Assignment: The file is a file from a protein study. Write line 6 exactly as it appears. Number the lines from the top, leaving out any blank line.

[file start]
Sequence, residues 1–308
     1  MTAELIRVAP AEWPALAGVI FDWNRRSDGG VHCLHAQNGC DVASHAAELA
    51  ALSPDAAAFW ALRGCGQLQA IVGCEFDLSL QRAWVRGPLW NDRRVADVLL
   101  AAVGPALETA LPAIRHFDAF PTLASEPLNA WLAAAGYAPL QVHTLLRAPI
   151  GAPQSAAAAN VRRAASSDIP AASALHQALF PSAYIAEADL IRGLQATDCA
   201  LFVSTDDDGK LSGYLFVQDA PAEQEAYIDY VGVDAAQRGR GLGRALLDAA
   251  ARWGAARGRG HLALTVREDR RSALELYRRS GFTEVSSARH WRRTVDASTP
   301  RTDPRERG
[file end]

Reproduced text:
   201  LFVSTDDDGK LSGYLFVQDA PAEQEAYIDY VGVDAAQRGR GLGRALLDAA